20.7 Parameters with zero or multiple priors

A warning is generated when a parameter appears to have greater than or less than one prior distribution factor.

This analysis depends on a factor graph representation of a Stan program. A factor F that depends on a parameter P is called a prior factor for P if there is no path in the factor graph from F to any data variable except through P.

One limitation of this approach is that the compiler cannot distinguish between modeled data variables and other convenient uses of data variables such as data sizes or hyperparameters. This warning assumes that all data variables (except for int variables) are modeled data, which may cause extra warnings.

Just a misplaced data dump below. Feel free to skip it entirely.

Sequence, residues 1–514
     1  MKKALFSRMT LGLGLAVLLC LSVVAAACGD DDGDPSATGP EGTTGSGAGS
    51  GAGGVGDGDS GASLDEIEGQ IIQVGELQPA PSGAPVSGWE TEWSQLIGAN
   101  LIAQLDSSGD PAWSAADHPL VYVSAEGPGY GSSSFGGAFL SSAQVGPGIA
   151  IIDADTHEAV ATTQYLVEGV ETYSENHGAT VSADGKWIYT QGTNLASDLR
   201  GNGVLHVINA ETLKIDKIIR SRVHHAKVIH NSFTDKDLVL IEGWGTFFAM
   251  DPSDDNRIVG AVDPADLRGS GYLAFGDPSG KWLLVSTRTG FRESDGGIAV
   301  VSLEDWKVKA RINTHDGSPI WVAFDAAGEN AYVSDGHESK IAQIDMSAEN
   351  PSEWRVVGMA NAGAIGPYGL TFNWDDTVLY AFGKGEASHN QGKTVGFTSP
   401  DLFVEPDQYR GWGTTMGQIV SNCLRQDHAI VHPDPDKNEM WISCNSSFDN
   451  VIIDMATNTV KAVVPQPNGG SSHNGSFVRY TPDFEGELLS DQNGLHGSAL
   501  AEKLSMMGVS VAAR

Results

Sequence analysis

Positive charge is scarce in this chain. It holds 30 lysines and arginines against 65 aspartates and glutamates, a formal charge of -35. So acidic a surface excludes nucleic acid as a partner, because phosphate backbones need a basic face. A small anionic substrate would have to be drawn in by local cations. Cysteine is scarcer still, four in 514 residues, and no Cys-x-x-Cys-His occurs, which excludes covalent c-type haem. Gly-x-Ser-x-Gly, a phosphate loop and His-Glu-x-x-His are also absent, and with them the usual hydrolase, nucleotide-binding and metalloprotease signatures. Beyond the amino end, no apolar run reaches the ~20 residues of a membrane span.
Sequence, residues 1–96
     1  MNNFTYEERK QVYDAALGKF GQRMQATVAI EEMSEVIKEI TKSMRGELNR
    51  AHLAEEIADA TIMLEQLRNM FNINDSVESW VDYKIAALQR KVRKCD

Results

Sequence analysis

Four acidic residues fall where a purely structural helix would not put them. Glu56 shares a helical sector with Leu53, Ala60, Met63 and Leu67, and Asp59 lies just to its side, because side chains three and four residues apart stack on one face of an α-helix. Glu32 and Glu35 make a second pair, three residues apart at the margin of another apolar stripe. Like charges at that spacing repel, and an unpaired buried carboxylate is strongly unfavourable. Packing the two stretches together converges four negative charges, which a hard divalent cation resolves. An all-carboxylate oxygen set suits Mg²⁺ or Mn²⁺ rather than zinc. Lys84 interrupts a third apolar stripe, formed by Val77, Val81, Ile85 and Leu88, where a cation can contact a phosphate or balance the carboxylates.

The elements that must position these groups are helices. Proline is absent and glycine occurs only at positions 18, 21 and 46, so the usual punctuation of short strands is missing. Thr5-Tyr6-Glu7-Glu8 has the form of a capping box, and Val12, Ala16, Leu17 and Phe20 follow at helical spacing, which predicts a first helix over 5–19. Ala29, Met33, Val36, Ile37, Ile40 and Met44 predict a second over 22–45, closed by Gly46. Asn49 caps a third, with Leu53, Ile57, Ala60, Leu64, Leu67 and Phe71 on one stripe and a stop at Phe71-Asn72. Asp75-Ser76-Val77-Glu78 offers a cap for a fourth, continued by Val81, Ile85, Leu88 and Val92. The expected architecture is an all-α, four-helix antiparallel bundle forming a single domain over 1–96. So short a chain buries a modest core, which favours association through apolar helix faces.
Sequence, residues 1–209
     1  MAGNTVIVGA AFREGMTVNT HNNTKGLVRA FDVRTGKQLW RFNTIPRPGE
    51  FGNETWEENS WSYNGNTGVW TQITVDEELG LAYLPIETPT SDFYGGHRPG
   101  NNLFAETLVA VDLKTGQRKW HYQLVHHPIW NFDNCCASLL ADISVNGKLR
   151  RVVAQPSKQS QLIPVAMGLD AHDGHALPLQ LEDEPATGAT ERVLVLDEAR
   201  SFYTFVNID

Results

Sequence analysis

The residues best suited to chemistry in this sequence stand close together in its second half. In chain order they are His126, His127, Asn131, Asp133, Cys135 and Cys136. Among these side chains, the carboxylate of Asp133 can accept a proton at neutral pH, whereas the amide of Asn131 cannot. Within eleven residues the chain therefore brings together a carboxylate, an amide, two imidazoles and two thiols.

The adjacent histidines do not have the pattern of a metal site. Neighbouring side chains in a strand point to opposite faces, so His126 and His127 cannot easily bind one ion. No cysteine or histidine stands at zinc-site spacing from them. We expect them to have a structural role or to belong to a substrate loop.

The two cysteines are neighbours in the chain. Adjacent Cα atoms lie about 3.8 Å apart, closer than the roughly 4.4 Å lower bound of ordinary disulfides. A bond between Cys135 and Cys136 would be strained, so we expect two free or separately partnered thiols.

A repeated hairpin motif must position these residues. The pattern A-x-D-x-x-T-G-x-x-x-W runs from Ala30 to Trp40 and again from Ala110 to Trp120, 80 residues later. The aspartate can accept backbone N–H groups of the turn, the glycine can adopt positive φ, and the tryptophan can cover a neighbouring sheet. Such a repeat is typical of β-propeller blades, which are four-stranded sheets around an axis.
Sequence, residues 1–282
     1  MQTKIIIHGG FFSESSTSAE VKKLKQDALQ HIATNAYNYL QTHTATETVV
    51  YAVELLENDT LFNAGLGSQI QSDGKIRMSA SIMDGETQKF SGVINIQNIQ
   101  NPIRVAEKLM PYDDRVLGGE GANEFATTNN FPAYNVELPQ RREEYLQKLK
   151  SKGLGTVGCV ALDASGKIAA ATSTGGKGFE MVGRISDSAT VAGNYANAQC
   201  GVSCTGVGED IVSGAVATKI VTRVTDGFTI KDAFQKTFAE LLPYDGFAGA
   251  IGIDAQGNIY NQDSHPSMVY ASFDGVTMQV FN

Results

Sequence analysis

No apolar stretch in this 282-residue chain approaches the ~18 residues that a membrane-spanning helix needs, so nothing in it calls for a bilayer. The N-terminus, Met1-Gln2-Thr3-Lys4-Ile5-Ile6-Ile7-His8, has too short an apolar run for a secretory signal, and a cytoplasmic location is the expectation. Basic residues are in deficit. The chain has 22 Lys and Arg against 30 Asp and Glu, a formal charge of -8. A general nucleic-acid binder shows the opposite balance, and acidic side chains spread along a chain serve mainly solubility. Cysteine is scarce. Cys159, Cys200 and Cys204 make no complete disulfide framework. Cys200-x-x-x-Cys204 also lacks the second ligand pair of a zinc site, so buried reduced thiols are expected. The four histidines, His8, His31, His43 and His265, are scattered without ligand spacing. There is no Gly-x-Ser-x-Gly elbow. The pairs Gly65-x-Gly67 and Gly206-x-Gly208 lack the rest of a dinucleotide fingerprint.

For example, consider the following program.

data {
  real x;
parameters {
  real a;
  real b;
  real c;
  real d;
  a ~ normal(0, 1); // this is a prior
  x ~ normal(a, 1); // this is not a prior, since data is involved

  b ~ normal(x, 1); // this is also not a prior, since data is involved

  // this is not a prior for c, since data is involved through b
  // but it is a prior for b, since the data is only involved through b
  c ~ normal(b, 1);

  //these are multiple priors:
  d ~ normal(0, 1);
  1 ~ normal(d, 1);

One prior is found for a and for b, while c only has a factor that touches a data variable and d has multiple priors.

Pedantic mode produces the following warning.

  The parameter c has no priors.
  The parameter d has 2 priors.